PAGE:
By Justin Prince
Note: This story was originally published on OurWindsor.ca.
The Windsor-Essex Catholic District School Board is expecting to have a deficit of more than $5 million for next year’s budget.
The WECDSB, which approved its final draft budget during its board meeting June 14, is expecting to have an in-year deficit of about $5.3 million for the 2016-17 school year. This was after the province’s Divisional Court ruled in April that all school boards will need to pay post-retirement benefits to its former employees who are 65 years old or above. It had been expecting about a $1.6 million loss while developing the budget prior to the ruling.
The board plans to pay for the deficit by using some of its $18.7 million in reserve funds.
“The roadmap to getting back to balanced is to continue working with the ministry because this is an issue where it came at us really quickly,” said Barbara Holland, chairperson for the WECDSB Board of Trustees. “We had not had the opportunity to look at the budget and say, ‘How can we adjust?’ There just hasn’t been time. At this point, dipping into the reserves is our only option.”
In 2013, the Ontario Ministry of Education had previously advised the WECDSB that they were not allowed to pay for benefits for some of its former employees under the Education Act if they were more than 65 years old. It had previously given lifetime benefits and life insurance to its retirees for more than 50 years. Unifor, the bargaining agent for its staff members, then started paying grievances for the lost benefits the following summer.
With the court ruling, the board will need to add an additional $3.7 million in post-retirement benefit liabilities to its expenses this year. It is also now liable for a province-high $41.4 million in benefit obligations.
Some of the board’s other proposed expenses include a $2.7 million increase in instruction and school staff costs and an additional $1.2 million for student accommodations.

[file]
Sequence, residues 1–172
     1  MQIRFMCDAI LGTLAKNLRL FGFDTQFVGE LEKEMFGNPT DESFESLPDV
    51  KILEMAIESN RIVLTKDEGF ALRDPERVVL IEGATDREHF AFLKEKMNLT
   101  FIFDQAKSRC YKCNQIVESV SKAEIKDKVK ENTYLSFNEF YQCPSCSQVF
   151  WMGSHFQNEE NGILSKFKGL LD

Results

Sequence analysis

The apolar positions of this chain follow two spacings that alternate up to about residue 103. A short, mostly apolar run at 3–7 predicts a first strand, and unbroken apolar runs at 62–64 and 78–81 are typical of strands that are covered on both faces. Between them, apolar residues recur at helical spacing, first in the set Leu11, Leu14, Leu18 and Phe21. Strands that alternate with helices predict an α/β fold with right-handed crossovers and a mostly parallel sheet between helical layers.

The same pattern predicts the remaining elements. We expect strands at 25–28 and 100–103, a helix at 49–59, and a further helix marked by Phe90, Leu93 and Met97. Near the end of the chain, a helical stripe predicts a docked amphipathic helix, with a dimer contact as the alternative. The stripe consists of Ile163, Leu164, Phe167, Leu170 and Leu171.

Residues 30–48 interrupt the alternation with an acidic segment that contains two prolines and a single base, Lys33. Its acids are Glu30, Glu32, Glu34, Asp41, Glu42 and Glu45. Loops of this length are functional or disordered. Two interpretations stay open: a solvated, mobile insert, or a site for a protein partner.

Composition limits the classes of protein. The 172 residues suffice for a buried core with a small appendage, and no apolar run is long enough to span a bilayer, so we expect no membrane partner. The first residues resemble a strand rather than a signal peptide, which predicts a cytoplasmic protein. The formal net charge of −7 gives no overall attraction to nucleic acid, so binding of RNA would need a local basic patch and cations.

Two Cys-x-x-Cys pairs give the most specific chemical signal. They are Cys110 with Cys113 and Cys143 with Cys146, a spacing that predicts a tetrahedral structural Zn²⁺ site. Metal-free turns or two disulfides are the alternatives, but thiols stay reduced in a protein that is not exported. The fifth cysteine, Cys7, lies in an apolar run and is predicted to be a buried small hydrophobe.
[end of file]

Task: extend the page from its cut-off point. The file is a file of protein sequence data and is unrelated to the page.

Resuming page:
Holland noted the board plans to look into ways to cut costs in the near future due to its benefit costs, including finding ways to downsize and streamline parts of its structure. She said one thing the WECDSB will not consider doing is reducing is its student programming.
“We have hit a formula here where we take the dollars we have and make them work and we make them work by investing in student programming,” said Holland. “We’re seeing through our enrollment numbers that that’s what parents want for their children, so we’ll continue to make that our main priority. We’ll deal with this as we’ve dealt with things in the past.”
The school board applied for ministry approval to enter the 2016-17 school year with its current projected deficit May 30, according to Superintendent of Business Penny King. She noted she is “cautiously optimistic” that it will be approved in time for final approval June 27 due to the circumstances.
“We were $500,000 away from balancing,” said Ward 3 Trustee Lisa Soulliere during the meeting. “After going through the year that we’ve had and looking to look at school consolidation and having to make those difficult decisions and others along the way, it would have been nice to have been in that position.”
The draft budget will be holding a consultation period June 14-27.